**A Monte Carlo Method for the Approximate Solution of Certain Types of Constrained Optimization Probl.***Oper Res*1970,**18:**1225–1228.View ArticleGoogle Scholar - Kirkpatrick S Jr, CDG, Vecchi M:
**Optimization by Simulated Annealing.***Science*1983,**220:**671–680.View ArticlePubMedGoogle Scholar - Vapnik V:
*The Nature of Statistical Learning Theory*. Springer-Verlag; 1995.View ArticleGoogle Scholar - Statnikov A, Aliferis CF, Tsamardinos I, Hardin D, Levy S:
**A comprehensive evaluation of multicategory classification methods for microarray gene expression cancer diagnosis.***Bioinformatics*2005,**21**(5):631–643. 10.1093/bioinformatics/bti033View ArticlePubMedGoogle Scholar - Byvatov E, Fechner U, Sadowski J, Schneider G:
**Comparison of Support Vector Machine and Artificial Neural Network Systems for Drug/Nondrug Classification.***J Chem Inf Comput Sci*2003,**43**(6):1882–1889. 10.1021/ci0341161View ArticlePubMedGoogle Scholar - Bhattacharjee A, Richards WG, Staunton J, Li C, Monti S, Vasa P, Ladd C, Beheshti J, Bueno R, Gillette M, Loda M, Weber G, Mark EJ, Lander ES, Wong W, Johnson BE, Golub TR, Sugarbaker DJ, Meyerson M:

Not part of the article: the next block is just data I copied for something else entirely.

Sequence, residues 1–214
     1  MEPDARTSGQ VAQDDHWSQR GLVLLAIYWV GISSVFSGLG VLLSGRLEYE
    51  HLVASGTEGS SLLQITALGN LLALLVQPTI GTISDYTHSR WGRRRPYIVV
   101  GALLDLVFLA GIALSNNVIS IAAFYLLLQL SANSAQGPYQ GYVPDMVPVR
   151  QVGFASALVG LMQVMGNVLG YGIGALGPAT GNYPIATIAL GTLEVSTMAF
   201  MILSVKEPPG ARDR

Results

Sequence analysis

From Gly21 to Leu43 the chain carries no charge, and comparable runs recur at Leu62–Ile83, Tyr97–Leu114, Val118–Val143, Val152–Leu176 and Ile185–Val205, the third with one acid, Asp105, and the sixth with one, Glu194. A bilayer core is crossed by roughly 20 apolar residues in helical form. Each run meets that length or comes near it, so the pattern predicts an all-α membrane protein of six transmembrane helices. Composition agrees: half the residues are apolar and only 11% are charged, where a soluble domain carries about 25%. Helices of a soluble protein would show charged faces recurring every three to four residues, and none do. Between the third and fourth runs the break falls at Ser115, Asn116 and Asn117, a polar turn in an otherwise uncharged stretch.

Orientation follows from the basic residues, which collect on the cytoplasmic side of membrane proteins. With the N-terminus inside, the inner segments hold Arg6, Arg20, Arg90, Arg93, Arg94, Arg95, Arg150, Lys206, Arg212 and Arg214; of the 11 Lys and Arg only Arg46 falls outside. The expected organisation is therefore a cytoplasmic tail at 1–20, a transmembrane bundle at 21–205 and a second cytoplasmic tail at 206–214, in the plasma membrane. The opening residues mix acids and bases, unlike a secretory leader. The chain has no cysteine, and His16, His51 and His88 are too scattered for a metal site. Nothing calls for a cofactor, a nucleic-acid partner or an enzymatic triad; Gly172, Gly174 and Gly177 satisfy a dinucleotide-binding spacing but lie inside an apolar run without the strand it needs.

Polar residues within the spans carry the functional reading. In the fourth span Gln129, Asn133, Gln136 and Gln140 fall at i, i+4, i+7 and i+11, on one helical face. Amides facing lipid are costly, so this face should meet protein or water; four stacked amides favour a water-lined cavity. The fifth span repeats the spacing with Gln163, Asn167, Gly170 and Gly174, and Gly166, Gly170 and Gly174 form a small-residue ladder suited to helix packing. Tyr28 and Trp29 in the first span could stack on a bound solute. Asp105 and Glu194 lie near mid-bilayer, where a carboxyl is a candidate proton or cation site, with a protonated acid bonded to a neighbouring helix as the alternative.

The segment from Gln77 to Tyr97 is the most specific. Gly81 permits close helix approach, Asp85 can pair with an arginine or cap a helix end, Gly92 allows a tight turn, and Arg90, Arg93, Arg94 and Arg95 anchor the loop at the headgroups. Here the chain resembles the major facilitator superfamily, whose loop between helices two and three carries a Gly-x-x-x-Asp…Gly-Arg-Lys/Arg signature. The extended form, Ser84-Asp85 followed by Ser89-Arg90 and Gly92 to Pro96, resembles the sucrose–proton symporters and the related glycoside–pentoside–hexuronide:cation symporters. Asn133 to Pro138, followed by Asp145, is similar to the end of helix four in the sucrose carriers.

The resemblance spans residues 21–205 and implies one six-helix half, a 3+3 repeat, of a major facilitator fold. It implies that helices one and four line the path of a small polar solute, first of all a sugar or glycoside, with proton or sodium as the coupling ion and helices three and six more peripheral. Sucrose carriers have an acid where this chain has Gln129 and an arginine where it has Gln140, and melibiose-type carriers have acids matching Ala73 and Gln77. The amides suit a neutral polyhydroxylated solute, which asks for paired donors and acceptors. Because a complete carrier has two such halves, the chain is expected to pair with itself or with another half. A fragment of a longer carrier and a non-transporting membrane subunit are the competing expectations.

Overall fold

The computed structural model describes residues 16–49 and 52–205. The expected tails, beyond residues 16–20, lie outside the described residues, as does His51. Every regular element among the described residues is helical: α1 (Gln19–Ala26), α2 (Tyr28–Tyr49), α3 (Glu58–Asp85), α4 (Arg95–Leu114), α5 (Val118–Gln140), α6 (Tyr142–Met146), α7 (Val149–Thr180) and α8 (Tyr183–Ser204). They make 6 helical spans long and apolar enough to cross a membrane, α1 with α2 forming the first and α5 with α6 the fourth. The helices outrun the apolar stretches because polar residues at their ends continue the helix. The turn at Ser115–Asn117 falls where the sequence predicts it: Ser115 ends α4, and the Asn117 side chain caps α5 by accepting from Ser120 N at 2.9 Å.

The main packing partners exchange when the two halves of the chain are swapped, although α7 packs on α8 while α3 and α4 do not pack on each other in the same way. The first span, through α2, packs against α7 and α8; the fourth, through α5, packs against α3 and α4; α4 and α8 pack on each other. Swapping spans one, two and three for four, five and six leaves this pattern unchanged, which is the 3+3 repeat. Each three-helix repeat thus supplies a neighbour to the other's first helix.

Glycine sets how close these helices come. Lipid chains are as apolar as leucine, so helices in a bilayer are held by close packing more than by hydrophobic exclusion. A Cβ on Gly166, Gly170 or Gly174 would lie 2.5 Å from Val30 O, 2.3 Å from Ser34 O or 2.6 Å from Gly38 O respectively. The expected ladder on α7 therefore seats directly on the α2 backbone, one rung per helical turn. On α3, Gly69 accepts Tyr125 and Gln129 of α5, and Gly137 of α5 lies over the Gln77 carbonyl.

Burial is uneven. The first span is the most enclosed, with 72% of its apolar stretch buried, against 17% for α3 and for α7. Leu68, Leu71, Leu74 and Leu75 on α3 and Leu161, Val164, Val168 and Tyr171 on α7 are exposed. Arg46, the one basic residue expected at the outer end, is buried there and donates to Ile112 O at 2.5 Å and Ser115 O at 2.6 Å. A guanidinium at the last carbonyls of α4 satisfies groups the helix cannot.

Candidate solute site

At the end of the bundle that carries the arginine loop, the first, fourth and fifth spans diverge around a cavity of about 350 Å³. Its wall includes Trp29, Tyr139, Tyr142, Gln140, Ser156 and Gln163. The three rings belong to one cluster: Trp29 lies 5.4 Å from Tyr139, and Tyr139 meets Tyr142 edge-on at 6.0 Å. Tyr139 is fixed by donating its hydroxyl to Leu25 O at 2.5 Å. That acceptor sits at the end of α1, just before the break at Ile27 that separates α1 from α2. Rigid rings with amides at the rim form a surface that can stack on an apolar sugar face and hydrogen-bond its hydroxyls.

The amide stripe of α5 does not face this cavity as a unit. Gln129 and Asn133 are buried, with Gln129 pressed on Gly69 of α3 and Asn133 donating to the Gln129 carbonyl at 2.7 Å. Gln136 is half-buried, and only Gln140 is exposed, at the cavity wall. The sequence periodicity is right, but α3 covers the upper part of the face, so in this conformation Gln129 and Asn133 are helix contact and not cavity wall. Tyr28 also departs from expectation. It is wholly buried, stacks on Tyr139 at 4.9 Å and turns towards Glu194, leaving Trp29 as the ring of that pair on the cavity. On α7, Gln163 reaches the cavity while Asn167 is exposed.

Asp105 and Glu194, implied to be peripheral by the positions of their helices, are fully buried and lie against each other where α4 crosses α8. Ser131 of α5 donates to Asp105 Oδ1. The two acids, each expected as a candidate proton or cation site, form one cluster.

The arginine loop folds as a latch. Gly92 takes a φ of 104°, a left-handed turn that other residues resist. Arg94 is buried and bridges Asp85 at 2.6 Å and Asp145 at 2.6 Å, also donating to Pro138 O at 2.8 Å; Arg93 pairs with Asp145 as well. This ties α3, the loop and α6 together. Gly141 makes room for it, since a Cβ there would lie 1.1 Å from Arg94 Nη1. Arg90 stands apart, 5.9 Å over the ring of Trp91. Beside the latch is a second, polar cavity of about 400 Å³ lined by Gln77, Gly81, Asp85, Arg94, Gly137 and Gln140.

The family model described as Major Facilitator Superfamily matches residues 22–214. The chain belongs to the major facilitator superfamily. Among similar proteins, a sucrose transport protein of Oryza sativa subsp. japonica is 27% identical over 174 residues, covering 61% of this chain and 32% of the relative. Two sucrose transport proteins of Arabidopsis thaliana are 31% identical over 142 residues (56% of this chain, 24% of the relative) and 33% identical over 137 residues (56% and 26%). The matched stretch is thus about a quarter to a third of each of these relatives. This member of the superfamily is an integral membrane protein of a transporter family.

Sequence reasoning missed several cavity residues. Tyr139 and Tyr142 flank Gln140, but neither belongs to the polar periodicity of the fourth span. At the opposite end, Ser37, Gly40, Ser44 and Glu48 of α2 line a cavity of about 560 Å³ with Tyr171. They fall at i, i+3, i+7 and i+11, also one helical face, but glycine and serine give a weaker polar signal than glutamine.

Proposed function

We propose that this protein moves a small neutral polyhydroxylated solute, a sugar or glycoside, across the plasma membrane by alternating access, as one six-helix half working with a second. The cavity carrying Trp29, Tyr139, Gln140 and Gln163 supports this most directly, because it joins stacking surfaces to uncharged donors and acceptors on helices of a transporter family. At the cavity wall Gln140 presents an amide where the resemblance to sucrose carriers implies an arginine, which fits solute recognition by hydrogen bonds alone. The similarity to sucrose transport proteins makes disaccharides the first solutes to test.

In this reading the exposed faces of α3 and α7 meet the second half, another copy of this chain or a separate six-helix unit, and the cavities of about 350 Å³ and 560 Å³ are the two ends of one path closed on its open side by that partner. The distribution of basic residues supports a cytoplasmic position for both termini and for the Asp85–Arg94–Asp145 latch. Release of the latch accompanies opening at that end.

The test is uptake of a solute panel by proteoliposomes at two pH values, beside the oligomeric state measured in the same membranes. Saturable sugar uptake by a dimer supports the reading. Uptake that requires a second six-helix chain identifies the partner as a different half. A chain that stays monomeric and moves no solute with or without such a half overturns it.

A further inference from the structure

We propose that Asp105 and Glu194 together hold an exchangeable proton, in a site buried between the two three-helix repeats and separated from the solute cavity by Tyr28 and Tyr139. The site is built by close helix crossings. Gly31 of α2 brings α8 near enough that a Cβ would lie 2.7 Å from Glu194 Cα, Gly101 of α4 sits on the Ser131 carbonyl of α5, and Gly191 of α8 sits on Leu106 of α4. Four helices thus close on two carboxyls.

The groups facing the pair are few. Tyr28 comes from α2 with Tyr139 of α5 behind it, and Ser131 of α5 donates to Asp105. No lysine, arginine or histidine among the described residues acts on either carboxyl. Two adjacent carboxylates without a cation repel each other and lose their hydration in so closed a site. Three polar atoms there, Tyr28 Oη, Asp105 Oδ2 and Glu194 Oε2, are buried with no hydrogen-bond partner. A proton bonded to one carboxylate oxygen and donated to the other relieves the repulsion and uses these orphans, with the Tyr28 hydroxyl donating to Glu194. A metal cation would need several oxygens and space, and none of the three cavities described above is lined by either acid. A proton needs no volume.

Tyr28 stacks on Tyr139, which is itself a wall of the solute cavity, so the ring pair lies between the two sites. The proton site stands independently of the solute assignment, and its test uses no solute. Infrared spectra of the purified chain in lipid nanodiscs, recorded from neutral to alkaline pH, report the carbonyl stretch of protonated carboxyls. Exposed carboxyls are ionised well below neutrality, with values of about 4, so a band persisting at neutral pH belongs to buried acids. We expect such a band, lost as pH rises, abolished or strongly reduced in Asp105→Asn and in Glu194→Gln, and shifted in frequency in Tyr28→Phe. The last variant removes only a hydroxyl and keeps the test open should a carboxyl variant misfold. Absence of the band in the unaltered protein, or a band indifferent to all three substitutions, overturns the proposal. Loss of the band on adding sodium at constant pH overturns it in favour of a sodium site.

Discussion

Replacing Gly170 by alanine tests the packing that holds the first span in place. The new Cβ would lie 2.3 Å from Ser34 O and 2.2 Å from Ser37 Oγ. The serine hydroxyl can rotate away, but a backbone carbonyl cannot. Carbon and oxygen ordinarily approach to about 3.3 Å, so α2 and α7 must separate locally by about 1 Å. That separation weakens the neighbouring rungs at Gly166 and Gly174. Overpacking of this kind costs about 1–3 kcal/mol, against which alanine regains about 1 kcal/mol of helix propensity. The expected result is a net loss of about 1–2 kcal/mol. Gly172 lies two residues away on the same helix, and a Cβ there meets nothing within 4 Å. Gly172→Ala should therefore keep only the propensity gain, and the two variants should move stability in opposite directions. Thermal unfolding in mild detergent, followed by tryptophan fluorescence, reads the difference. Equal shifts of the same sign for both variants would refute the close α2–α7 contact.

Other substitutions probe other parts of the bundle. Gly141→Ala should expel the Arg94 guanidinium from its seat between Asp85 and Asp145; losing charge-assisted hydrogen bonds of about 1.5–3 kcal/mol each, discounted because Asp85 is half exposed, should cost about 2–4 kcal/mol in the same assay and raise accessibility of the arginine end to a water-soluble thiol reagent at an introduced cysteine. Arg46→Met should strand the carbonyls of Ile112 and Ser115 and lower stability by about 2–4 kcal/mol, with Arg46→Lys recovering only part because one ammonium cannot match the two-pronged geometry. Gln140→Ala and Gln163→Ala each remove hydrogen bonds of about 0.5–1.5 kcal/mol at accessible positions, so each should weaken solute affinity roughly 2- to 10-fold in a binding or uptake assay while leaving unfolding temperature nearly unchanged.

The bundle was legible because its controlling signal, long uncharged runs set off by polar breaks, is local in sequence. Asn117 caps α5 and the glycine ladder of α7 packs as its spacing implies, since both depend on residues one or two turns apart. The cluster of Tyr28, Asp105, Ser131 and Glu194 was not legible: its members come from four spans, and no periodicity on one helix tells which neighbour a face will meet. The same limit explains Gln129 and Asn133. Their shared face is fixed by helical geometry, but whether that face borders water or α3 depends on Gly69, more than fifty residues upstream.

**Classification of human lung carcinomas by mRNA expression profiling reveals distinct adenocarcinoma subclasses.***Proc Natl Acad Sci U S A*2001,**98**(24):13790–13795. 10.1073/pnas.191502998PubMed CentralView ArticlePubMedGoogle Scholar - Alon U, Barkai N, Notterman DA, Gish K, Ybarra S, Mack D, Levine AJ: